To avoid panic, it said the notes will continue to be legal and the public has time to exchange them for new notes but should not be used for transactions from April 1.
We expect people to turn up at their nearest bank branches to return the notes and take fresh ones, said an RBI source.
According to the RBI, such pre-2005 notes are a small fraction of the total quantity in circulation. The RBI spokesperson said the move should not be conflated with demonetisation of high value notes.
A demonetisation would have meant a sudden deadline and possibly demanding an explanation of the source of the money tendered at the banks. We are aiming for nothing of the sort, the spokesperson said.
The only time the RBI had gone in for demonetisation was in 1978 when notes of Rs 1,000, Rs 5,000 and Rs 10,000 were withdrawn.
Bankers said the RBI has advised them to expand their currency chest operations to handle the rush, especially in non-metropolitan areas.
Currency experts have long demanded that the RBI should streamline the number of variations in its currency notes. The central bank too said Wednesdays move is aimed at such rationalisation to ensure that later versions with enhanced security features remain in circulation.
The RBI said that after April 1, people will need to approach scheduled commercial banks to exchange these pre-2005 notes. Banks will exchange these notes until further communication, the central bank said in a statement.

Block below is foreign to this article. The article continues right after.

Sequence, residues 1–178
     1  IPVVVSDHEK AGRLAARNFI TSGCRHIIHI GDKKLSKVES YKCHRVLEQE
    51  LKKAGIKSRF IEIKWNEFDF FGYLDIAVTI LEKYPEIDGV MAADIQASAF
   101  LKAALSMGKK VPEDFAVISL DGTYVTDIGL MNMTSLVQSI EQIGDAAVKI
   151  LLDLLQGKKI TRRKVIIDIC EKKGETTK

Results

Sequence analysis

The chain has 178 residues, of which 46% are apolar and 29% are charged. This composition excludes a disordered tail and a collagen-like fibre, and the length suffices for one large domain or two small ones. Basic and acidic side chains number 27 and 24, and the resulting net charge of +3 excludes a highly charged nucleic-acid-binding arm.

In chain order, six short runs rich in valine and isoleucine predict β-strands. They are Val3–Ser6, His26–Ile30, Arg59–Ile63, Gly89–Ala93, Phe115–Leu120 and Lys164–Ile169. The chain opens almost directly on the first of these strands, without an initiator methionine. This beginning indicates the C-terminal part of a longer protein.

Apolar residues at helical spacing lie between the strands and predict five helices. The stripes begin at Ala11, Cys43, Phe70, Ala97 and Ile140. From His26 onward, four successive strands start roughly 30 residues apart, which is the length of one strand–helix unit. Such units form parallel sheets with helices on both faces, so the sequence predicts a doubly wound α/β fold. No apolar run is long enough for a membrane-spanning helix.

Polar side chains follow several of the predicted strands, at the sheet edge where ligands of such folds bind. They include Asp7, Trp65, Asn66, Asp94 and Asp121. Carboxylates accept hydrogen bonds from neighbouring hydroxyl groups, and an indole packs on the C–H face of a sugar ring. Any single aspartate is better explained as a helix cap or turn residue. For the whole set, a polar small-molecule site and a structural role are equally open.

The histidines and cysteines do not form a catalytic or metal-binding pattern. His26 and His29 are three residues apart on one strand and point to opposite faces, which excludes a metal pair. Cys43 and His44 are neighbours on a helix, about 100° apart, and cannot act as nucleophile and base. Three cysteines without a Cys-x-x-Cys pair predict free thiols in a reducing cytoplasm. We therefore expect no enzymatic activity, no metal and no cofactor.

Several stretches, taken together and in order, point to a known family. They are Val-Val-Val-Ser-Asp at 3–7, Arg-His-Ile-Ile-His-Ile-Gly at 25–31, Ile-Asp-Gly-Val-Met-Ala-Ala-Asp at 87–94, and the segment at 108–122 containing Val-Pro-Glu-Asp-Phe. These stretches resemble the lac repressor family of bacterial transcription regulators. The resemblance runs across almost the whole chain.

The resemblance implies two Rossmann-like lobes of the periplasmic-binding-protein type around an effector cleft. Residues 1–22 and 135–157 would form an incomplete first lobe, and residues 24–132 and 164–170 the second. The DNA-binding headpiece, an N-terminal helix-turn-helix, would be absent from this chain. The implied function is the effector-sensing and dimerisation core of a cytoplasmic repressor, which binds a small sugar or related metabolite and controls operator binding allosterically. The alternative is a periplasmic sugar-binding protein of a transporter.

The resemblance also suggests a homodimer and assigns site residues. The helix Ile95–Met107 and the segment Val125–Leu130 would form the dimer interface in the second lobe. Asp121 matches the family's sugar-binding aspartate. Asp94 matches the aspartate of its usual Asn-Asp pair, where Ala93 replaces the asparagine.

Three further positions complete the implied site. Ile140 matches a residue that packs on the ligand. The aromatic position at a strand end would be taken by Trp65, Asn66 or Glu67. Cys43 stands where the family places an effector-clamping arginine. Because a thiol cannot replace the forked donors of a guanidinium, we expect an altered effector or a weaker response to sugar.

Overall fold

Public can easily identify the notes to be withdrawn as the notes issued before 2005 do not have on them the year of printing on the reverse side, the RBI said. Appealing to the public not to panic, the central bank said they are requested to actively co-operate in the withdrawal process.
This would mean that banks are required to exchange the notes for their customers as well as for non-customers. From July 01, 2014, however, to exchange more than 10 pieces of 500 and 1,000 rupee notes, non-customers will have to furnish proof of identity and residence to the bank branch in which she/he wants to exchange the notes, the RBI said.
The withdrawal is also a part of the RBIs general emphasis to wean people away from using cash to cards or bank-based transactions. India has the highest amount of cash in circulation among the major economies of the world, excluding the USA.
There were 4,299 million pieces of 1,000 rupee notes valued at Rs 4,29,900 crore in circulation during 2013. This is 36.9 per cent of the total value of notes in circulation.
The number of 500 rupee notes were 10,719 million valued at Rs 5,35,900 crore, which is 46 per cent of the value of total notes in circulation. There were 25,168 million 10 rupee notes in circulation with a value of Rs 25,200 crore.
The value of 14,421 million 100 rupee notes was Rs 144,200 crore in 2013, according to the RBI.
According to the RBI, at 11.6 per cent, the growth in value of bank notes outpaced the growth in volume terms (6.0 per cent) in 2012-13. Notes of denominations of 500 and 1,000 together accounted for around 83 per cent of the total value of bank notes in circulation during the year.
Although the RBI has not specified the number of notes issued before 2005, it is thought to be substantial.
Around 14.1 billion pieces of soiled bank notes (20.4 per cent of bank notes in circulation) were processed and removed from circulation during 2012-13. The number of bank notes withdrawn from circulation and eventually disposed of at the Reserve Bank offices increased over the previous year by 358 million pieces.
During 2012-13, around 8.97 billion pieces were processed through 59 currency verification and processing systems and the remainder were disposed of under other modes.